Decapitated Ryzen 7 5800X3D shows interesting details – Hardwareluxx

Decapitating a processor, meaning removing the heat spreader and changing the material between the actual chip and the heat spreader, is an almost everyday procedure for extreme overclockers and enthusiasts. However, with the soldering that has now been carried out by the manufacturer in the high-end models from Intel and AMD, the advantages of this measure have shrunk further and further. There is also the risk of damage if an attempt is made to loosen the adhesive with a razor blade.

But even if the temperature plus is only slight, users keep trying to squeeze the last bit of performance out of the processor. So do twitterers @Madness!, who beheaded a Ryzen 7 5800X3D (we tested it). It is likely to be the first processor that has been decapitated and for which there is at least a little documentation.

AMD Ryzen 7 5800X3D Delidded
AMD Ryzen 7 5800X3D Delidded

AMD Ryzen 7 5800X3D Delidded

At first we didn’t have any comparative values, but now we have them submitted by the user. A Noctua NH-D14 with a fan was used and under these conditions the processor regularly reached a temperature of 90 °C. The screenshot shown shows a maximum temperature of 80 °C before, after which it should be 70 °C. The average falls from 78 to 67 °C. The average and maximum clock rates increase only slightly. The temperatures are therefore significantly lower, but this does not seem to have a major impact on the performance.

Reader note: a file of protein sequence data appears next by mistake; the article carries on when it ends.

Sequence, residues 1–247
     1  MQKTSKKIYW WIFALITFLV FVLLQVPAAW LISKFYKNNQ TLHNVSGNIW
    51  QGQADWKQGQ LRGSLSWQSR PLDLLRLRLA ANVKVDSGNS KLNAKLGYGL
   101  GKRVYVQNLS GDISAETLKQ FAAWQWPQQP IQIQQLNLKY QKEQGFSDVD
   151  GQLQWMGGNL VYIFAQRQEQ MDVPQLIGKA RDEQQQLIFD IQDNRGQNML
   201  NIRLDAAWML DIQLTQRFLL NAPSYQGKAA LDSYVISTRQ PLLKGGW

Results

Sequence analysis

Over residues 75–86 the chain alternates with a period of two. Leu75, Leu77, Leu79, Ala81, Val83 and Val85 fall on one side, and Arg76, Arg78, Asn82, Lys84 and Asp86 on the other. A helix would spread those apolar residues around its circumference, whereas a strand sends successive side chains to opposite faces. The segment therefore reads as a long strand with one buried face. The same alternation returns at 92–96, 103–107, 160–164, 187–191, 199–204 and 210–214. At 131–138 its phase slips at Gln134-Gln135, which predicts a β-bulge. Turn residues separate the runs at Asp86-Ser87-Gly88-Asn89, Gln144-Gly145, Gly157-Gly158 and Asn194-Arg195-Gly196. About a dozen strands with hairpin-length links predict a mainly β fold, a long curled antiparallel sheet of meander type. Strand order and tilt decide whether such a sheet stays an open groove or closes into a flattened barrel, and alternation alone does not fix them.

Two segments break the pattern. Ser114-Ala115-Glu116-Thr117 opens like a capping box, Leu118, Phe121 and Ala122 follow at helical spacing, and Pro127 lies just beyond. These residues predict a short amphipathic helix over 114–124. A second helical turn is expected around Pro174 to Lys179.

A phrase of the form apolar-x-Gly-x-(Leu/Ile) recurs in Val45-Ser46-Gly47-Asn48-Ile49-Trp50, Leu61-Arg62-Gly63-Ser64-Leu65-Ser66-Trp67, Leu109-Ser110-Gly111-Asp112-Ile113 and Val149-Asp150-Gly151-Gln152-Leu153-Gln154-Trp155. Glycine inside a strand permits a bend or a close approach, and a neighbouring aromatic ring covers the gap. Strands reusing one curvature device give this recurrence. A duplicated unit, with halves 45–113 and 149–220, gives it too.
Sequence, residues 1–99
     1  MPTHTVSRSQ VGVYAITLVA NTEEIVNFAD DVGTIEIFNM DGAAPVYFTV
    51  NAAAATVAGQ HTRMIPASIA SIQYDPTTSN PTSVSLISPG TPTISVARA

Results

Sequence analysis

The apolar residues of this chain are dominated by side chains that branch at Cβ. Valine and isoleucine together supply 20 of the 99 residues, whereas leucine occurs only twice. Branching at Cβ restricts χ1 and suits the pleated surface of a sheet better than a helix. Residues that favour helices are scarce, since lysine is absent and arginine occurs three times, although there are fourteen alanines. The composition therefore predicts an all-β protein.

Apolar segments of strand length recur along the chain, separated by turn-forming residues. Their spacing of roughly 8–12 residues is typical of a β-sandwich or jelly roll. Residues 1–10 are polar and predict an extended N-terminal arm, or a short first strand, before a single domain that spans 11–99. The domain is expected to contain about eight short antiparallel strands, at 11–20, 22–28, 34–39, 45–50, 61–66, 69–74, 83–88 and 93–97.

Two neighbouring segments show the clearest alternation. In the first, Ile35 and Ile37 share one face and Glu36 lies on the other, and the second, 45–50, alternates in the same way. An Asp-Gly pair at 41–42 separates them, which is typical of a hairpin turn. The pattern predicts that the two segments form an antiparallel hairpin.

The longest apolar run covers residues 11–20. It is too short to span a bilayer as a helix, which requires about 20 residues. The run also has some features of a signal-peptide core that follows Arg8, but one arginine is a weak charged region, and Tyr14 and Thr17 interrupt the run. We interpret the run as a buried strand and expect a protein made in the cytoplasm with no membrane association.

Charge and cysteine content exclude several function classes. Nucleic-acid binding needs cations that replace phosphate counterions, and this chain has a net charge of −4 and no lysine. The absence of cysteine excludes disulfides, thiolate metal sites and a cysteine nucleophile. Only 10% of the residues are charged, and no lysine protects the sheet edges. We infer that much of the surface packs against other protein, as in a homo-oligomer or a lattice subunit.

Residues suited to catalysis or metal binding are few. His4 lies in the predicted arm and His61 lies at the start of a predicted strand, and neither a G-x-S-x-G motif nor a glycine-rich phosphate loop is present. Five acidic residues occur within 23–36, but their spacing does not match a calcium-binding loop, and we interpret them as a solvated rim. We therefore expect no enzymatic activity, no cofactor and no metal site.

AMD Ryzen 7 5800X3D Delidded

But what’s under the hood is no less interesting. A third pad can also be seen on the carrier PCB, on which the CCD and the IOD are attached, on which the second CCD would sit. However, the Ryzen 7 5800X3D does not have this second CCD. There is also no second CCD on the Ryzen 7 5800X and the Ryzen models with eight or fewer cores and the carrier PCB also does not show a contact pad. The Ryzen 7 5800X3D, on the other hand, has this. Just like the SMD components around the processor, the pad has been provided with a protective coating (glob top).

It seems as if AMD intended or used the carrier PCB of a dual CCD processor here, but then didn’t do it that way and equipped the processor with only one CCD. Why AMD is doing this and whether it was intended to launch a Ryzen 9 5900X3D/5950X3D is not known.

We would not have expected the way AMD proceeded here from a retail product. A sample with the C4 pad present, plus the pre-solder and glob top would have been less surprising.


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